I wake to the sound of teak bells. Their two-part chimes echo through the logging camp as I roll over in my sleeping bag, huddled in against the chill. The bells grow louder. I hear yelling. Then a thud. And finally a loud trumpet that can only mean one thing: the elephants are back.
Stumbling out from beneath my mosquito net, I look up to see a full-grown bull elephant sauntering slowly up the road, carrying an entire 10-foot-long log in his trunk. It’s our morning firewood delivery here in the Elephant Camp.
This magnificent tusker is just one of thousands of timber elephants used to log timber from Myanmar’s rugged mountains, a practice that’s more sustainable than using bulldozers. But now this legacy is threatened by both the illegal wildlife trade and replacement by mechanized tools. With the future of Myanmar’s forests at risk, The Nature Conservancy is working with the Myanmar government to protect both the timber elephants and the wild forests where they work.
From Battlefields to the Logging Camps
Elephants are an inextricable part of Southeast Asia. From the elephant-headed Hindu deity Ganesha to the legendary timber elephant Bandoola, they permeate the region’s culture, religion, and history. “Elephants are our country’s royal treasure,” says Tint Lwin Thaung, director of the Conservancy’s Myanmar program.
Most valuable of all is the white elephant — either a true albino or leucistic elephant with pale pink or grey skin — prized by Burmese and Thai rulers. “For thousands of years all of the kings in the region fought and competed with each other to own the white elephant, because owning that was a source of power,” says Tint Lwin Thaung.
After Burma’s last king fled into exile, the British drafted elephants to work in the lucrative teak-logging industry. A century later, Japanese forces invaded Burma just weeks after bombing Pearl Harbor. Those same timber elephants worked behind enemy lines, braving gunfire and slaughter to build the roads and bridges the British army needed to retake control of the country.
I watch as the elephant walks closer, a mahout caretaker perched jauntily on his neck, feet hooked behind the bull’s pink-and-grey speckled ears. At the edge of the campfire, the mahout shouts a command and the elephants drops the log into the ashes with a thud. Then the mahout pulls a sticky, amber-colored ball of tamarind fruit and peanuts from his pocket. The bull curls his trunk backward for the treat, slobbering contentedly as he chews.
Following another command, the elephant drops to his knees to let the mahout slide off. But as a second mahout climbs on, the bull jumps up and dashes off through the camp, trumpeting loudly and dragging his chains behind him. Both mahouts chase after him, laughing and shouting. We turn back to the fire and start preparing for another day in the forest, where we’re gathering data on biodiversity and freshwater health.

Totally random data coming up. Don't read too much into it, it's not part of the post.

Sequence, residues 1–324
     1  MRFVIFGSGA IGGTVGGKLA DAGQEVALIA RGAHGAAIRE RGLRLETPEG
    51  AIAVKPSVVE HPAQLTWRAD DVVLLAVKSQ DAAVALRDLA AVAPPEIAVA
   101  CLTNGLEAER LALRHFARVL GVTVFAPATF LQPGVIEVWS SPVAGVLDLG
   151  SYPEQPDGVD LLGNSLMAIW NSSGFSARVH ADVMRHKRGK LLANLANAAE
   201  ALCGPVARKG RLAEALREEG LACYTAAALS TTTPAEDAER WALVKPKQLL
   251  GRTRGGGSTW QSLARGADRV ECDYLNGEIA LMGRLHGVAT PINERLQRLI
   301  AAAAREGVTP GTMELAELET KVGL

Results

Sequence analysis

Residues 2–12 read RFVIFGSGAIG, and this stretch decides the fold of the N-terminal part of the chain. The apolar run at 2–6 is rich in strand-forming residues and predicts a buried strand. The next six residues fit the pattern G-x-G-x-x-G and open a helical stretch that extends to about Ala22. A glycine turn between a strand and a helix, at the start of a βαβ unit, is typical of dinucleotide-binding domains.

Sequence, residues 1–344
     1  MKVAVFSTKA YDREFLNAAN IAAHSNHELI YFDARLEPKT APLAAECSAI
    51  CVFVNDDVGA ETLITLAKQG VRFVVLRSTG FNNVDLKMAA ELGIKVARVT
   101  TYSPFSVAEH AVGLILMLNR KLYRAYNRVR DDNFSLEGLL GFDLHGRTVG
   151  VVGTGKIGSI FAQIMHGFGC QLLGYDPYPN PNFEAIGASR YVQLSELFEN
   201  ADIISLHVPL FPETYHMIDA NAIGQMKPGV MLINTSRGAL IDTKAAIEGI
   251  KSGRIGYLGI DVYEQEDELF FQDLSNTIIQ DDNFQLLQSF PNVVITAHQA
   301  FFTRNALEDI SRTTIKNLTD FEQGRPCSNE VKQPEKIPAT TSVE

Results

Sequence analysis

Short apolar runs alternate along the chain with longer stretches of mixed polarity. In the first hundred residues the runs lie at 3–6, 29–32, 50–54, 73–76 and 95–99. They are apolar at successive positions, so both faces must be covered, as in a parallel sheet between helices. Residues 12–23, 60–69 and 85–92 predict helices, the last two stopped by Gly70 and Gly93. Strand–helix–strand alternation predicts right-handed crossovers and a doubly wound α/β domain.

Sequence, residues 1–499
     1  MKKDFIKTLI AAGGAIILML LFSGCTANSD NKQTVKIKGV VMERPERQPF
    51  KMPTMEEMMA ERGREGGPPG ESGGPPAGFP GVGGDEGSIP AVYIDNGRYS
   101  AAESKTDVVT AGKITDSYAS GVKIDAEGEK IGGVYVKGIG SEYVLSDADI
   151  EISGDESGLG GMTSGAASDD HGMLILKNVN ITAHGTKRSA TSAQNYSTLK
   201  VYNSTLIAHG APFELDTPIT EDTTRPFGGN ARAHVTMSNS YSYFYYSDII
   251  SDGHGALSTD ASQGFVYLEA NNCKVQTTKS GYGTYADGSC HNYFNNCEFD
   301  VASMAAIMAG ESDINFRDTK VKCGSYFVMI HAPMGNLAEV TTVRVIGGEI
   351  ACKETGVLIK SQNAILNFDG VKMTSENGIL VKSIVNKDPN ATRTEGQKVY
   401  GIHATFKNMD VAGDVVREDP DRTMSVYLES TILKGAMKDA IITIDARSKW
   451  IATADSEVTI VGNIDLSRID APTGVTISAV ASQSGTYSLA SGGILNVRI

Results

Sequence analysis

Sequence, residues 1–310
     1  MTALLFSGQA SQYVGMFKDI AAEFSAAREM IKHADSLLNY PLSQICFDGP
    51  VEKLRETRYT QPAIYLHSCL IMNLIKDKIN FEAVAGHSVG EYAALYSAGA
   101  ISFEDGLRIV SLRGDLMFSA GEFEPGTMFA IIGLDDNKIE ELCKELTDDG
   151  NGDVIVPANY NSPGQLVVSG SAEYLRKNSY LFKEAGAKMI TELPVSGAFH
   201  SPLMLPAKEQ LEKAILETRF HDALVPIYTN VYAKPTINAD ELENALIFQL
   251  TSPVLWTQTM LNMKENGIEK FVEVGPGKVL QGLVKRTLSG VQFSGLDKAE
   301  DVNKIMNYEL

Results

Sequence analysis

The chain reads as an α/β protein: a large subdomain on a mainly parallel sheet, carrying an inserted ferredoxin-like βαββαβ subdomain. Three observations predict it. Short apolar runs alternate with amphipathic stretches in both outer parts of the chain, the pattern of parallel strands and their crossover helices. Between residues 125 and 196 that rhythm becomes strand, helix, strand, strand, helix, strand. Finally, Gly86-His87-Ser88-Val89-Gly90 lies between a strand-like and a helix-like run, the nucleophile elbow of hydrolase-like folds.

Myanmar has the world’s largest captive elephant population, and the vast majority of them still work as timber elephants. About 3,000 are owned by Myanma Timber Enterprises (MTE), the state organization responsible for harvesting timber, while the other 2,500 are owned by private contractors that hire them out to loggers. All elephants are registered with the government, which keeps record books that document their work and medical history.
The six or so elephants in our camp work for MTE, indicated by a large star-shaped brand on their flanks. Work starts at dawn, when the mahouts venture into the forest to round up the elephants from their nightly foraging. By mid-morning they’re back for their daily bath, after which the elephants are fitted with a bark harness worn across their breast and back.
Then both elephants and mahouts trek into the forest, where the loggers are felling teak, ironwood, and rosewood. MTE workers trim small branches from the trunk, wrap chains around one end, and then hitch the log to an elephant. Guided by their mahouts, the elephants drag the log through the forest — often up and down incredibly steep and muddy ridges — to a central clearing. Later, the loggers build a road to that location to load the logs onto a truck.
A typical elephant can haul about 20 1-ton logs each day, says Soe Min Oo, an 18-year-old mahout working in our camp. His elephant, Zar Win Win, is 34 years old and in her prime years as a working elephant. If she stays healthy, she could work another 20 years. “She likes to eat bamboo shoots and leaves,” he says, “and she is well trained by her previous mahout.”
Speaking through a translator, he tells me that he fell in love with elephants as a young boy, when he’d watch them working in the forests. He’s worked as a mahout for one year, helping Zar Win Win navigate across dangerous mountain terrain to safely transport each log. Soe Min Oo says that she finishes each day exhausted, and it’s his responsibility to look after her.
Though the elephants work hard, they’re still healthy. Regulations limit their labor to 5 to 8 hours per day, 5 days per week, with maternity leave and regular veterinary care. Studies show that timber elephants are healthier and live twice as long as elephants in European zoos.
Utilizing elephant labor also helps protect forest health. “Extracting logs from the forest with elephants has the least impact on the environment,” says Soe Min Oo, “because the elephants know the forest and know how to get the log out without damaging the forest.”
Elsewhere in the world, loggers use small bulldozers to clear pathways through the forest — called skid trails — to each and every tree they extract. This network of trails, often poorly planned, is responsible for part of the forest loss associated with selective logging.